If the only things you know about G.I. Joe come from the mediocre big-screen releases of the past 13 years, then you don’t really know Joe. With each outing, MGM and Di Bonaventura Pictures have teamed up to drag the Real American Hero kicking and screaming into the 21st century. It’s just too bad that Snake Eyes is the third big-screen strike, which has failed to grow the franchise despite plenty of opportunities.
Does the Hasbro property deserve yet another opportunity to sell more toys, comics, Blu-rays and ancillary merchandise, in hopes of interesting nostalgic kids of all ages? And will the G.I. Joe film franchise survive the Snake Eyes flop?
Being completely transparent, I’m a lifelong fanboy of the franchise. As a Child of the ’80s, I consumed everything Joe I could get my hands on. When I grew up, I continued to look back fondly on it all, although each attempt to bring something new to the familiar characters always fell flat, paling in comparison to the original.
In 2009, The Rise of Cobra premiered almost 30 years after Hasbro initially brought the action figures to life. Even though it was directed by Stephen Sommers, it was instantly forgettable. Focused on emerging technology and goofy humor, its story elements strayed far from the original source material.
Four years later, Jon M. Chu’s Retaliation was closer to A Real American Hero, although there was too much nanotechnology for my tastes (and Duke’s hair is supposed to be blond, dammit!). Pairing Dwayne Johnson with Bruce Willis within this universe was a plus.
Shockingly enough, there haven’t been many video games based on the franchise. Operation Blackout, released not too long ago by IguanaBee and Fair Play Labs, was a decent opportunity to grow an audience, this time with gamers. The Toys That Built America highlighted the battle for the consumer’s all-mighty money, as Joe fought Barbie for marketplace supremacy. And less than seven months ago, Paramount Pictures released the third blockbuster movie based on the franchise, but you probably didn’t even notice it.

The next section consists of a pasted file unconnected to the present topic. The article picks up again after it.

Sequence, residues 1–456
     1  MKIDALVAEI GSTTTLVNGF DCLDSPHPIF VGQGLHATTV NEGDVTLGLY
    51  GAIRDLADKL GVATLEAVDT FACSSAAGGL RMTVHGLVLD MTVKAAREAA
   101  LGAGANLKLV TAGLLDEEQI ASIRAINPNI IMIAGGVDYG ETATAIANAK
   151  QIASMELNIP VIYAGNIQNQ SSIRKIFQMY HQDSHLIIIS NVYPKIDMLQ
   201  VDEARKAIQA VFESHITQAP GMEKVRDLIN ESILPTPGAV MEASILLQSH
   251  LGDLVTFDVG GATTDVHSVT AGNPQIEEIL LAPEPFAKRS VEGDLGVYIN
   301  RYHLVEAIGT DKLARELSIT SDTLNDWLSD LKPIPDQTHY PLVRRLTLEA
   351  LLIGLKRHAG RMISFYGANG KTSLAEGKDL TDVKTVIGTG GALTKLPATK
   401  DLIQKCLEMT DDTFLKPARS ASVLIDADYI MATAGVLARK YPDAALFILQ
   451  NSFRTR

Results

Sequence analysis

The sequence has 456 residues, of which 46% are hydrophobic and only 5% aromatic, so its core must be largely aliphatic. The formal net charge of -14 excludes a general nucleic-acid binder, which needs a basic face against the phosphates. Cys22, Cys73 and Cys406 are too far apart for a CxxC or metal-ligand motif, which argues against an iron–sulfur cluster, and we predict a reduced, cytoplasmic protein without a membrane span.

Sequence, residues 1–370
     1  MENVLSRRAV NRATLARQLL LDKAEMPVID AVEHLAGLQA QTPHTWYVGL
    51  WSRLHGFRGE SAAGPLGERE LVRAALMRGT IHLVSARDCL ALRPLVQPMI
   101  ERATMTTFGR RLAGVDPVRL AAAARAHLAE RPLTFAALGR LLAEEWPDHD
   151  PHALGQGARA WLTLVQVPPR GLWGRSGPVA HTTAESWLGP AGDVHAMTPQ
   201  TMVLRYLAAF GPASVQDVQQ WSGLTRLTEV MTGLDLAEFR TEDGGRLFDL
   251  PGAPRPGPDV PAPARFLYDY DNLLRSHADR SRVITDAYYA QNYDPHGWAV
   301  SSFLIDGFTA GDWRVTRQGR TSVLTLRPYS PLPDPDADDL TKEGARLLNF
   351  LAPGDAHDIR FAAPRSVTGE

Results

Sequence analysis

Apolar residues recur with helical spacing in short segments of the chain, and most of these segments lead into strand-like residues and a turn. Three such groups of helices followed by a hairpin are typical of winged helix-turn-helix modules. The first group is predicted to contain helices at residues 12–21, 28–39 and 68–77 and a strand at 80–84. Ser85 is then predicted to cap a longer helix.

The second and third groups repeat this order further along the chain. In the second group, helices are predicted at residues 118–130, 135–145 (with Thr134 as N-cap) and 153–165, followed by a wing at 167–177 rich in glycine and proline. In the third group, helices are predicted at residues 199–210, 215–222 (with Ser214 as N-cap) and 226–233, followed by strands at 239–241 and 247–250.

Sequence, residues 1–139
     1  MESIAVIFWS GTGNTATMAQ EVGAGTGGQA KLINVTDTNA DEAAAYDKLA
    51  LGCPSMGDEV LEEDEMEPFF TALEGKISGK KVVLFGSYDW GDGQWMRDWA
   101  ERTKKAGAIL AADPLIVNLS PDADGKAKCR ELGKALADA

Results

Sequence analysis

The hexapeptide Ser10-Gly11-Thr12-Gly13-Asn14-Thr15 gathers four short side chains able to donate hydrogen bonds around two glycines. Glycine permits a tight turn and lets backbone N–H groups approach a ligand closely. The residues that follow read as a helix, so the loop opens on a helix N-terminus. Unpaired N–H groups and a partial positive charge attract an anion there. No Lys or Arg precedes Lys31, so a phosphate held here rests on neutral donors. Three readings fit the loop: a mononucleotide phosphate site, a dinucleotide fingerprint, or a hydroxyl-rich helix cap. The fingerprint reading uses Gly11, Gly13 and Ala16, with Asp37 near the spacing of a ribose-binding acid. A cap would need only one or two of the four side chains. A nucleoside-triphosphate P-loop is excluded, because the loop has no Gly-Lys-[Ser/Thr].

Snake Eyes: G.I. Joe Origins is no franchise spinoff. It is no world builder. This is the byproduct of so-called filmmakers thinking they knew how to adapt a popular ’80s line of comics, toys and cartoons, but the truth is, they really didn’t. Released during the global pandemic with a title that was changed didn’t help matters much.
On the run from the Yakuza, the unnamed main character is drawn into the Arashikage clan via his friend, Tommy. So, a sarcastic Snake Eyes — sans mask — is both a hero and a villain, working for and against his buddy in a film that’s mostly based in Japan, but primarily spoken in English (naturally) and released as a movie theater exclusive amid growing fears of Omicron. To say that this movie didn’t quite connect with its intended audience is an understatement. What was the disconnect?